'Mrs. Hegarty,' an Irish cultivar of Hesperantha coccinea (formerly Schizostylis coccinea), is described in all the literature as blooming primarily September through November. In zones that are less year-round temperate than is true on Puget Sound, perhaps kaffirs really do bloom only in Autumn.
Ours, however, with deadheading, are in fact everblooming. In our mild climate it's fully an autumn bloomer, but also a stunning winter bloomer, plus will have lesser reblooms throughout spring & summer. It must be said however that even though it does bloom all year round, in Autumn it is the most crowded with blooms.
The first photo was taken in March, but could just as well have been taken in July. The yellow blossoms on the shrub behind it are Butternut Winterhazel. The other photos below are from October.
I love kaffir lilies because they bloom most gloriously later in the year than the majority of brightly flowering plants. Plus kaffir lily-grass lends evergreen patches to any largely deciduous garden all year round rather than dying back in the manner of so many lily or iris grassy clumps.
I've two long patches of kaffir lilies consisting of three varieties. 'Mrs. Hegarty' & 'Oregon Sunset' create a dense border in an area of dappled shade, spreading rapidly underneath a Vine Maple.
The October photos show only 'Mrs. Hagarty' blooms, but these actually do share the area with a bright red kaffir lily called 'Oregon Sunset,' & these two take turns dominating with their blooms. For a couple weeks there'll be mostly 'Oregon Sunset' in full flower, then for a couple of weeks it'll be primarily 'Mrs. Haggerty.'
A second patch is growing in a brighter direct-sun location. Where these additional 'Mrs Hegarty' are growing there are also some with pure 'Alba' kaffirs or river lilies. The fourth photo below shows a couple blooms from the second patch, with an Evergreen Climbing Hydrangea behind the flowers.
I used to worry a little that dappled morning sun underneath the Vine Maple wouldn't be enough for river lilies in our zone, but their grassy border in the dappled-light location has flourished even more greatly than has the second patch which gets a lot more direct sunlight.
There is a tendency for the shaded kaffirs to lean out into the lawned area, but I find this leaning look appealing. Locations that are moist & sunny are supposed to be the preference for this flower, yet kaffir lilies do thrive in partial shade & bloom very well, even though the flower stalks become taller with more lean to them.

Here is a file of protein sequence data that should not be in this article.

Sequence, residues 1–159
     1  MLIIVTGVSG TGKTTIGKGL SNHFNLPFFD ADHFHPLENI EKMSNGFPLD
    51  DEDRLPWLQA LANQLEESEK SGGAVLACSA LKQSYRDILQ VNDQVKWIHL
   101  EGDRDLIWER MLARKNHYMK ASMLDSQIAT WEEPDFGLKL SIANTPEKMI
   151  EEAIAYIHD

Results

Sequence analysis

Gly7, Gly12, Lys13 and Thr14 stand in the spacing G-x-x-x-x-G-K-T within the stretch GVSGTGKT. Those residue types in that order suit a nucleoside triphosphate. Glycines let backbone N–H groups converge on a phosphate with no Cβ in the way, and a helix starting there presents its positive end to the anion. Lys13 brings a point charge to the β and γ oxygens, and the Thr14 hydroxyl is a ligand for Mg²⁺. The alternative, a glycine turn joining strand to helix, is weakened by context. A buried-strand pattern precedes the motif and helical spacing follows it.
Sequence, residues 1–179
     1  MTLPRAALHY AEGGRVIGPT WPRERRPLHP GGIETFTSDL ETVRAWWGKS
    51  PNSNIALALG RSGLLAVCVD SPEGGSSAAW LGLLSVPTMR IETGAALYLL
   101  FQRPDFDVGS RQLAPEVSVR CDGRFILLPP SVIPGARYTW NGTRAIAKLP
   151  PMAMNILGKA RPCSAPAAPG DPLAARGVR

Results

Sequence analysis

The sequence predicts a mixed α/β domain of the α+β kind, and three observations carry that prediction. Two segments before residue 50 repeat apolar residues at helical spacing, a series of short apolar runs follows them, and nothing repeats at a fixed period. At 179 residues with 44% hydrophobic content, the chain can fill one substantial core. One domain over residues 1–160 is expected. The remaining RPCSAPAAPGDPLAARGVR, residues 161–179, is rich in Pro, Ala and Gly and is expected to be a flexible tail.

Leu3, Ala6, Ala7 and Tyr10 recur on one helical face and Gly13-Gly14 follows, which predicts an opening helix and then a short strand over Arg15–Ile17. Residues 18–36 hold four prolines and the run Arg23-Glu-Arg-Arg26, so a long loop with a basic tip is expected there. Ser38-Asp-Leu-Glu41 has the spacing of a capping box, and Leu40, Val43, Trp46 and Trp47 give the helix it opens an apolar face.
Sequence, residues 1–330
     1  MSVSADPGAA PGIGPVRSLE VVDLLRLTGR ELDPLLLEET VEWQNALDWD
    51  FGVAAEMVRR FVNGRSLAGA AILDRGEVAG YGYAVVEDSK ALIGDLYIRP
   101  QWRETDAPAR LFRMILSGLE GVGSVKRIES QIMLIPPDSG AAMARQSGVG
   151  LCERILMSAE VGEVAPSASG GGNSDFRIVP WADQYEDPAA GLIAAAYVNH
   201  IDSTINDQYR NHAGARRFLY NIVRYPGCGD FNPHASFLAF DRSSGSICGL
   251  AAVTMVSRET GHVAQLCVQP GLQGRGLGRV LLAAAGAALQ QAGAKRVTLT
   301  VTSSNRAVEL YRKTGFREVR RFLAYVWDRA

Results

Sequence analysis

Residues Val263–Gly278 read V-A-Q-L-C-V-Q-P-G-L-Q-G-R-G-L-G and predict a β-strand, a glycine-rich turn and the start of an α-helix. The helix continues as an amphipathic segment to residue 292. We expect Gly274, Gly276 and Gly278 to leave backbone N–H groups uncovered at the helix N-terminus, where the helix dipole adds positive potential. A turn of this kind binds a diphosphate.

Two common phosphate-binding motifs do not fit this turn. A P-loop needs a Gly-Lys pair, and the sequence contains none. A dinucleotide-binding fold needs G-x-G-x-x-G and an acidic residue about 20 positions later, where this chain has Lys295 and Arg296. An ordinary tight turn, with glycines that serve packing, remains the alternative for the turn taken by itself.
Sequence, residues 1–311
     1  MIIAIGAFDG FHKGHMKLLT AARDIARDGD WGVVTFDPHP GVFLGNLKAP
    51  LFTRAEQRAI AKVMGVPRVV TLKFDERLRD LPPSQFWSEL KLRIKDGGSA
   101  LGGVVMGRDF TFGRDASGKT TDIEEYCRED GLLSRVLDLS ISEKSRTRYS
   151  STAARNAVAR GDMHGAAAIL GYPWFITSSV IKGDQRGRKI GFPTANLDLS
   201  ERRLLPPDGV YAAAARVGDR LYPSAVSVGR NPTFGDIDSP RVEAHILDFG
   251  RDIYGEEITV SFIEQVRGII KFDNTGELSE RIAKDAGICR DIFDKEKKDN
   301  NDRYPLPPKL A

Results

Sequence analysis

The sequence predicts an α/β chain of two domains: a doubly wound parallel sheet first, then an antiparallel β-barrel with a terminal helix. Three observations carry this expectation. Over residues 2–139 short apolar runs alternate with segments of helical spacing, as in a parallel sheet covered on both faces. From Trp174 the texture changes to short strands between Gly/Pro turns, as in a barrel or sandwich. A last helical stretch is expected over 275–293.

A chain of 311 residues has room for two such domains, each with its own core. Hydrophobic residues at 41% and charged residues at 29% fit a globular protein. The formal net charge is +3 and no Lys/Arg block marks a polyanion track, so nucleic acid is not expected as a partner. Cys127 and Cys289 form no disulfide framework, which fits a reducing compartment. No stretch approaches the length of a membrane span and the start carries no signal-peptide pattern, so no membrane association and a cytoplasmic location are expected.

They are not fussy as to soil conditions except for wanting to be permanently moist, though not boggy; it wants good drainage under persistently moist soil. I've noticed, however, they are spreading their clumps backward through their bed, toward the warmth of the house, into an area that is often quite dry due to large overhanging eaves. I would have expected them to send their rhizomes into moister sunnier ground, but they haven't spread so much toward the wetter ground.
River lilies grow wild along the edges of South African swamps, in damp meadows, & along the sides of streams. Their prefered habitats do sometimes dry out seasonally, so for a lily that prefers moistness, it can adapt to drier locations pretty readily if it has too. However, if it experiences too much dryness, it may estivate in summer to await the rains, with some top-growth die-back; whereas with evenly moist soil year-round, the grassy leaves are very much evergreen.
It spreads by thick rhizomes which should be dug up every three or four years & separated, a chore timed for late spring or early summer, which is supposed to be kaffir lilies' quiescent time, though 'Mrs. Hegarty' doesn't necessarily take even a summer nap in our zone.
'Mrs. Hegarty' has self-seeded in the garden. When deadheading, I sometimes cut up the spent flower stalks into short lengths, & use them as mulch mixed with fallen leaves, which I likewise leave in the garden to break down naturally into leafmold. In October 2003 I spotted some unexpected tiny pink flowers erupting right out of the ground like autumn crocuses, but one-third the size of crocuses. When I first spotted them, I wondered aloud, "What the heck did I plant there?" On close inspection, they were infant kaffir lily seedings already blooming despite their tiny size.
Continue to the next kaffir lily:
Hesperantha coccinea 'Oregon Sunset'
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